New South Wales’ premier, Kristina Keneally’s shock decision to axe Sydney’s planned US$4.5bn metro extension has infuriated the Australian construction sector, and spurned the Australian Industry Group (Ai Group) into demanding 100% reimbursement of the tens of millions of dollars spent to date by each of the three JV’s vying for the tunnelling work on the project.
The consortia affected by the last minute 90 degree turn around are; Line 1 (McConnell Dowell Corporation/Abigroup/Obayashi Corporation); Metro Primo – (Leighton Contractors/Seli); and the Thiess/John Holland JV.
An estimated US$60M has already been spent by the construction industry on the now shelved 7km long, twin 5.6m diameter tunnel project, after it was assured just over a year ago that the project was a certainty.
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Elected in December last year, Keneally angered the Australian construction industry on February 21st with the cancellation announcement saying the tunnelled metro section running between Central Station and Rozelle, was not vital to Sydney’s future transport needs as laid out in its A$50bn, 10 year Metropolitan Transport Plan.
Chief Executive of the Ai Group, Heather Ridout blasted the decision saying, “The State Government had made a commitment to proceed with the project. The risk of a client not proceeding with a project once it is in the market is not a risk that companies could or should have to price into a contract proposal. It is a cost that should not be borne by the bidders.
“When the project was announced, the Government established an enormously ambitious timetable for its procurement. The industry has met that challenge and in doing so has committed significant resources to the project.”
“The Australian Industry Group accepts the sovereign right of Government to change policy but with that right comes the responsibility to deal equitably, responsibly and in good faith with the companies and consortia that have incurred losses in responding to this project,” Ridout added.
Premier, Ms Keneally, has spoke of ‘legal’ costs being reimbursed for homeowners and businesses who’s land was penned in for acquisition, and told reporters that the NSW government “will reimburse all reasonable costs”.
“There will be a working group set up between Transport, Treasury and we’ll bring in an independent outside firm, someone like a KPMG (accountancy)… to help us work through with the tenderers their costs so that we can reimburse them,” Ms Keneally said.
But this hasn’t pacified the construction industry who in reality believes not enough is, or will be done to compensate its companies.
Jim Barrett, executive director of the Australian Constructors Association said, “This is not like having the local painter come in and quote for painting three of your bedrooms and he takes half-an-hour, then walks out and gives you a sheet of paper with a price….we are talking about very sophisticated tunnelling, geotechnical work.”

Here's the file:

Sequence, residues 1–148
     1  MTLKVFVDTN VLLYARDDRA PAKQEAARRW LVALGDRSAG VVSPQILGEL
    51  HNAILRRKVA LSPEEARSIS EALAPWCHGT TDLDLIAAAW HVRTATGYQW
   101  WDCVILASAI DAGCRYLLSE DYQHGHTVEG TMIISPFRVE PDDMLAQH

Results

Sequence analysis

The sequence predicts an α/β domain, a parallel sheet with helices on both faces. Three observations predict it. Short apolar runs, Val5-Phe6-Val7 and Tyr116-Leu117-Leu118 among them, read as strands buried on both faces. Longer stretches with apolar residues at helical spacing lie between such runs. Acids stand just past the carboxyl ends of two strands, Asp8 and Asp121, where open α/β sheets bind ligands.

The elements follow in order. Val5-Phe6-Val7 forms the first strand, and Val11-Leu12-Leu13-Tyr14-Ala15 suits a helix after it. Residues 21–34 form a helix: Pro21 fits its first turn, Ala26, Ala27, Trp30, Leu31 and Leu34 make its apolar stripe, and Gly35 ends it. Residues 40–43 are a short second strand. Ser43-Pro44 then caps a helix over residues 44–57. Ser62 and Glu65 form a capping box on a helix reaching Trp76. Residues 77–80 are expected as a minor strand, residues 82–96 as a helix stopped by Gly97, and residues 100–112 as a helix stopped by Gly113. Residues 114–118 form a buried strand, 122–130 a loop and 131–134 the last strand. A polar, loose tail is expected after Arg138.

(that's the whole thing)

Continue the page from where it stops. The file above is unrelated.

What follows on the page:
In the government’s defense, Keneally added, “We’ve listened to the community and made a tough decision, this is about re-allocating spending to where it is needed. We appreciate that some parties may have been adversely affected.”
“The NSW Government recognizes that resources and efforts have been put into the process by the tenderers for the major construction contracts, but they will be dealt with fairly and properly,” Keneally concluded.
The Premier’s Plan – the Metropolitan Transport Plan: Connecting the City of Cities – now includes:
The US$4.1bn Western Express CityRail Service – a separate dedicated rail track to slash travelling times from western Sydney to the city. It will achieve faster and more frequent services with a goal of up to 50 per cent more services and 17 per cent more passengers on the CityRail network on an average weekday.
This will occur through:
1) Separating a dedicated track from all other traffic;
2) Construction of a new 5km long priority tunnel – City Relief Line – which will be built from 2015 in the city to separate western services from inner-city trains to provide shorter journey times;
3) Construction of eight new platforms to increase capacity at Redfern, Central,
Town Hall and Wynyard to relieve congestion;
4) New express train services will be introduced for the Blue Mountains, Richmond, Penrith, Blacktown and Parramatta;
5) Increase City Rail’s capacity on all lines and allow the introduction of express rail services to western Sydney.
Start of work on the US$6.1bn North West rail link from Epping to Rouse Hill with six stations at Franklin Road, Castle Hill, Hills Centre, Norwest, Burns Road and Rouse Hill in 2017
A US$454M expansion of the current light rail system – bringing its total length to 16.9km with up to 20 new stations and almost 10km of new track – a more than doubling of the distance of the existing route
Improvements to bus services – costing US$2.6bn
Over the next 10 years, US$2.8bn for new trains and this is in addition to the 626 arriages on order
Creation of the new Sydney Metropolitan Development Authority to drive future transit-oriented development and urban renewal. Authority will be similar to the highly successful Redfern Waterloo Authority and Barangaroo Delivery Authority. It will be responsible for implementing the integrated metropolitan land use strategy and will report to the Minister for Roads and Transport and the Minister for Planning with its own board with a Federal Government representative
An historic partnership with the City of Sydney to develop a memorandum of understanding on public transport; movement on laneways and streets and planning issues such as pedestrian friendly areas and civic spaces. To ensure that future State and Federal governments are still able to build high capacity public transport if and when they are needed, corridors and planning approvals will continue to be secured, such as metros